The world of Daredevil is ever expanding, seen this week as we learn more about the heads of the Russian organization, the brothers Anatoly (Gideon Emery) and Vladimir (Nikolai Nikolaeff). We see them first in a flashback where they were literally fighting to the death, vowing to one another that they’d escape their current prison and make it somewhere big. Then they use someone’s bones as makeshift weapons and I’m once again realizing just how grim this version of the MCU can be.
I love it.
Their involvement ties together with Rosario Dawson’s Claire, who I fell for even more once she hissed at a cat outside of her window. Shes being the voice of reason and telling Matt that he really needs to invest in some body armor if he wants to avoid being killed. She continues to patch him up, and the chemistry between Charlie Cox and Dawson is palpable and it’s something I’d like to see more of. I’d love to see more of Dawson period because her presence in any movie or show always leaves it mark and makes me miss her once she’s off screen.
The Russians are feeling the pressure of Daredevil’s work in the city and are looking to take him out of the equation, finding his pressure point when they kidnap Claire and keep her hostage, trying to force Daredevil’s identity out of her. She keeps telling them that she doesn’t know, and Vladimir is ruthless until suddenly, all of the lights in the warehouse go out and the Daredevil begins his decent on the goons. It’s yet another fantastic fight sequence where the darkness is utilized to his advantage.
There’s a nice scene that follows between the two, where Matt confesses that he never thought anyone would be put at risk, having shouldered the weight of his nightly activities for so long that the immediate consequences seem to have been ignored up until now. Matt tells Claire his name to try and regain her trust, and it’s an honest moment between the two characters who are both a little beaten and both a little vulnerable from the last few days. It’s a scene that humanizes Matt, who’s spent so much of the last two episodes underneath his mask. “In the Blood” allows us and Claire a brief but poignant look at the person underneath the vigilante.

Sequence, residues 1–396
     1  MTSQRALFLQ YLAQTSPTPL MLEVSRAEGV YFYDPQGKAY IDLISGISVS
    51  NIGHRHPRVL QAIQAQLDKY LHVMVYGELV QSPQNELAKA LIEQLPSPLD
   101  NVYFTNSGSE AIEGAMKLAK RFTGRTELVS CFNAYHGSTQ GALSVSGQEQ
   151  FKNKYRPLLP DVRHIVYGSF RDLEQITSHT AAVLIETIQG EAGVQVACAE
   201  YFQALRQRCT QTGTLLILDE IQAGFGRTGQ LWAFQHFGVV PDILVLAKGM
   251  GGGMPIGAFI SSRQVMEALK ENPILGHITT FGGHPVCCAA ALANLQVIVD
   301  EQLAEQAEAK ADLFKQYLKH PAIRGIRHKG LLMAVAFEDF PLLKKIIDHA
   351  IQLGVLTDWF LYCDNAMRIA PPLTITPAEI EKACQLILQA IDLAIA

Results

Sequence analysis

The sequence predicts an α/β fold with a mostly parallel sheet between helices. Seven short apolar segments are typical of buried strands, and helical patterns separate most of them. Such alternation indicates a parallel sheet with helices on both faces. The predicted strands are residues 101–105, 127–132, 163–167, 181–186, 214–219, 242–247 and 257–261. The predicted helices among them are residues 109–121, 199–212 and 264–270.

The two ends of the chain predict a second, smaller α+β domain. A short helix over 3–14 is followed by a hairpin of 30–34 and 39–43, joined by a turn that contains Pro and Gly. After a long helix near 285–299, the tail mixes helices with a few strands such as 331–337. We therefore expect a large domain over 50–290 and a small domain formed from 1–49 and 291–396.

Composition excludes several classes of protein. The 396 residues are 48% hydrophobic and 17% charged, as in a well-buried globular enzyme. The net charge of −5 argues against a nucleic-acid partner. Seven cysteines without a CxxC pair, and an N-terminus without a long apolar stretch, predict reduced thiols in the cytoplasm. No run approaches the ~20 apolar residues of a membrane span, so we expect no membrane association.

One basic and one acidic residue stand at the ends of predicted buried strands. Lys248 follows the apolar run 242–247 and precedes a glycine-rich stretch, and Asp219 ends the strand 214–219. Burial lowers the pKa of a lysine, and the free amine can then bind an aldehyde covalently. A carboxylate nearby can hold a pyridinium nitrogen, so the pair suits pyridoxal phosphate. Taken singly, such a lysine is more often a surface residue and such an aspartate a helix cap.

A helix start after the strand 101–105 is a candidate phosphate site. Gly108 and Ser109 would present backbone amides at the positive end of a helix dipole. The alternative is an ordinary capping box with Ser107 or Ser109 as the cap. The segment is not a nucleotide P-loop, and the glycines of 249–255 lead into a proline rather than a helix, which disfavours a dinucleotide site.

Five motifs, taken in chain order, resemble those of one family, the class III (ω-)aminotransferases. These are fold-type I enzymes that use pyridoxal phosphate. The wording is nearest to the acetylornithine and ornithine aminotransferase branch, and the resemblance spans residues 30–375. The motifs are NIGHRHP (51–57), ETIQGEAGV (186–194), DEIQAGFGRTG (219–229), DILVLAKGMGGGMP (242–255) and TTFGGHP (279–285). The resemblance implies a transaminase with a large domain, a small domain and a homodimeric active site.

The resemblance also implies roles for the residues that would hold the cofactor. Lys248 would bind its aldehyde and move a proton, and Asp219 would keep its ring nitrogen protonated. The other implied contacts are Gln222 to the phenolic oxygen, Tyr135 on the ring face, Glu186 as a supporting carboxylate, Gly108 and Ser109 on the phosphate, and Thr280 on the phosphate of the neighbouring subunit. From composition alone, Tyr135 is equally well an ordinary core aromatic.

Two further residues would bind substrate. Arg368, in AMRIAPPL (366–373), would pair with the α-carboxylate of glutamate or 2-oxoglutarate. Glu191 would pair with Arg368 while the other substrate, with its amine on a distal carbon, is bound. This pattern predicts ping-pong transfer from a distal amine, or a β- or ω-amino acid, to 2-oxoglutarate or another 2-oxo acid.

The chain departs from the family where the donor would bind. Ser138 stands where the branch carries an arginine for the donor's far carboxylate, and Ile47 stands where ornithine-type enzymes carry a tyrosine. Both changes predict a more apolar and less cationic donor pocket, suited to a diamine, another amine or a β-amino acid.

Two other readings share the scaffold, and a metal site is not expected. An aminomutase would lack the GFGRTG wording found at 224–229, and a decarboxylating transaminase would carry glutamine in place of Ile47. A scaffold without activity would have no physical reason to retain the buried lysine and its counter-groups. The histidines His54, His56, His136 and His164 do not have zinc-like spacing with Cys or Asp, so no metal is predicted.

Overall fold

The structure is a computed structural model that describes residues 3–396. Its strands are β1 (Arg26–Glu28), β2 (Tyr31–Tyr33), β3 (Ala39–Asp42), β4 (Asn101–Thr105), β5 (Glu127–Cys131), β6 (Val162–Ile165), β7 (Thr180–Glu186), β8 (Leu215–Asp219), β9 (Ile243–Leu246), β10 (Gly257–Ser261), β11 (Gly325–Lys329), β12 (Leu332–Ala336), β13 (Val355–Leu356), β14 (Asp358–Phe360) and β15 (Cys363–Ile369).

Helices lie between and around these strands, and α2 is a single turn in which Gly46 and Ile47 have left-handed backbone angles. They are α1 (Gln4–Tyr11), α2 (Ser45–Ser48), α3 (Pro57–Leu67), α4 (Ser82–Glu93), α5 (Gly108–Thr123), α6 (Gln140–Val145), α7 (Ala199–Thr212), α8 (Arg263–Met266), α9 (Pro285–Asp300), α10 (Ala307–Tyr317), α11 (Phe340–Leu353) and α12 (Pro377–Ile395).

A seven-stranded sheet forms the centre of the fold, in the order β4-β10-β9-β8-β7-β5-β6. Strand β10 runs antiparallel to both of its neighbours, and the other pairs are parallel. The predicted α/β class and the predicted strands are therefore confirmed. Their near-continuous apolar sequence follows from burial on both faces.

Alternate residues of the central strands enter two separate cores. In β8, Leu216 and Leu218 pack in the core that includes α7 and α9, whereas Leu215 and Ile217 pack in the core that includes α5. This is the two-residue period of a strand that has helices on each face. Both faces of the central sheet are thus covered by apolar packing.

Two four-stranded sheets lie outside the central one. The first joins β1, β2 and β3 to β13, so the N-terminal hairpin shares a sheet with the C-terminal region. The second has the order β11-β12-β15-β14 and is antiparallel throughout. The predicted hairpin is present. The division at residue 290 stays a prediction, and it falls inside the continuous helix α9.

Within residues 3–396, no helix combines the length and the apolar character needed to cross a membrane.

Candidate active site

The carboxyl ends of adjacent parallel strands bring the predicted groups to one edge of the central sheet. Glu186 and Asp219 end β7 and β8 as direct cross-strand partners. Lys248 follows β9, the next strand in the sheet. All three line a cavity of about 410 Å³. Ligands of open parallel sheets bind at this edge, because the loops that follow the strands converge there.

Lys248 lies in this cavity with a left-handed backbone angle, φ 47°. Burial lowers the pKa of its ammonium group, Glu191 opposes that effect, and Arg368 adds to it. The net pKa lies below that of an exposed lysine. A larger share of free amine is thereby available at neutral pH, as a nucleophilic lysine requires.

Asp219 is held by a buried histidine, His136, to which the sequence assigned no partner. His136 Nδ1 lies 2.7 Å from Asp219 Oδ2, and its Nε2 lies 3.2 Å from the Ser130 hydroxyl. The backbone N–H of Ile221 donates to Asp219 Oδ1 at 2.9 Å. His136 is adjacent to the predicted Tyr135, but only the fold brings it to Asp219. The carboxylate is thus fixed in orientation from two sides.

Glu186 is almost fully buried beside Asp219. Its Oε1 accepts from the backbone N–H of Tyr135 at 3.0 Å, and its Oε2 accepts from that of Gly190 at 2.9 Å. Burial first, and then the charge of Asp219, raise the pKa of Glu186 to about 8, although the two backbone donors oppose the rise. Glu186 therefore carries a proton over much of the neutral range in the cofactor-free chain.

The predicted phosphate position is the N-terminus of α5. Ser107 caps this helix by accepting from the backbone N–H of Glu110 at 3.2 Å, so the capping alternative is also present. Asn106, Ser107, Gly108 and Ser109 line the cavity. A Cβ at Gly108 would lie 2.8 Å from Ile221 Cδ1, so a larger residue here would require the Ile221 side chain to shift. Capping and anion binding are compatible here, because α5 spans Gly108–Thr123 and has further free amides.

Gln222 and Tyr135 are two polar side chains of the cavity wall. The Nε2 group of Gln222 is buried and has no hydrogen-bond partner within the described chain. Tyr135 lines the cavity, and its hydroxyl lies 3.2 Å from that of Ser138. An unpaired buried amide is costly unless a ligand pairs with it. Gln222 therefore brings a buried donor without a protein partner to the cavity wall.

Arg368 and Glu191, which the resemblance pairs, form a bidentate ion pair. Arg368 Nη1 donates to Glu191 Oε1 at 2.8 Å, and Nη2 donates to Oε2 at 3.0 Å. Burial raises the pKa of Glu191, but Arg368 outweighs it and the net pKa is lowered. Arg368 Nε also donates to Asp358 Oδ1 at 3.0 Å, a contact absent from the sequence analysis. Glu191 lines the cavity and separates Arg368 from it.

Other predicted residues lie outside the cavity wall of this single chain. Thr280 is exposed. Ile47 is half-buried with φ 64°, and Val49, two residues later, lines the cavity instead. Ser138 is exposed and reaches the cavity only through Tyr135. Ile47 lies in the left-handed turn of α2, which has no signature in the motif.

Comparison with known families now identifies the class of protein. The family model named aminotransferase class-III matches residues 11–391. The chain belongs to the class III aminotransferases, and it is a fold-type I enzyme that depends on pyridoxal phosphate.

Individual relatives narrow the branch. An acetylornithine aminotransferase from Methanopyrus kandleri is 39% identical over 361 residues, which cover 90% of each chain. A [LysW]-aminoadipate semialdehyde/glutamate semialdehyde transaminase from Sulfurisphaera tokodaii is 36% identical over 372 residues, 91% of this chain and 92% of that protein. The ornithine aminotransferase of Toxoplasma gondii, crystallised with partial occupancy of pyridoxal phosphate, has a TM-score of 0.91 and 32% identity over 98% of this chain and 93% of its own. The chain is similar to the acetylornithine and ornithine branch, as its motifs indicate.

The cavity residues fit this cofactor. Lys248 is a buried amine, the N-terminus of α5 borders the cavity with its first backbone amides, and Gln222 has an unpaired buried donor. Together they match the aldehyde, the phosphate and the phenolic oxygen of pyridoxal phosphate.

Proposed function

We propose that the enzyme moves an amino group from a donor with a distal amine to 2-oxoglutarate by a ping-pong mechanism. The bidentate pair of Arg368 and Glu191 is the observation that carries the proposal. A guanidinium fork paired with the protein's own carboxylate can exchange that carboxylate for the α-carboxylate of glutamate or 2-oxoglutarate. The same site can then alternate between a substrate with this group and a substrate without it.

Due to the character work done with Claire and Matt, Karen and Foggy take a bit of a backseat turn in this week’s episode, their storyline feeling all together separate. I’m sure it will pick up soon and I’m not at the point where their lack of inclusion makes me feel their absence, but it can’t hurt for the show to begin to stream all of the moving parts a little better, rather than isolating one to get to the other.
It’s a small criticisms that I’m sure will be rectified as the show gains its footing.
Even with the Russian brothers and their organization getting more screentime and even with Claire and Matt making for an electric onscreen duo there is another facet of the episode that truly solidifies its success.
The biggest surprise in this episode is Kingpin aka Wilson Fisk and his entire demeanor which is so polar opposite of what I was expecting. Fisk’s main storyline of the episode is going on a date with a gallery owner, Vanessa. He’s soft spoken, accommodating and not the imposing figurehead of an entire crime organization taking place throughout all of Hell’s Kitchen. His influence roams throughout the city that he claims to love and credit is due to Vincent D’Onofrio who manages to play the character with just enough childlike vulnerability to keep us on our toes.
All of this set up builds up to the end of the episode where Anatoly makes a fatal decision in interrupting his and Vanessa’s dinner date. Anatoly is angry that Fisk has kept as many secrets as he has and is turned away before causing more of a scene. This culminates later when Fisk bodily rips him from the car he’s in and proceeds to smash his had with the car door, suddenly this monstrous force that we’d all been anticipating and that’s just as frightening as we’d have imagined. It’s even more so when you realize it’s done out of humiliation and little else.
This is the villain that makes sense in this world. He’s what the city has made him and he’s latched onto his dreams for what he can make it. He’s the other side to Matt’s mission, the one that also wants to save the city but believe it needs to be torn down and rebuilt first into something greater while Matt believes he needs to save what currently exists. A villain is always at their most interesting when their ideals mirror our shades of grey protagonist. The parallels are there and I’m excited to see how he develops from this point on.
This show continues to surprise me.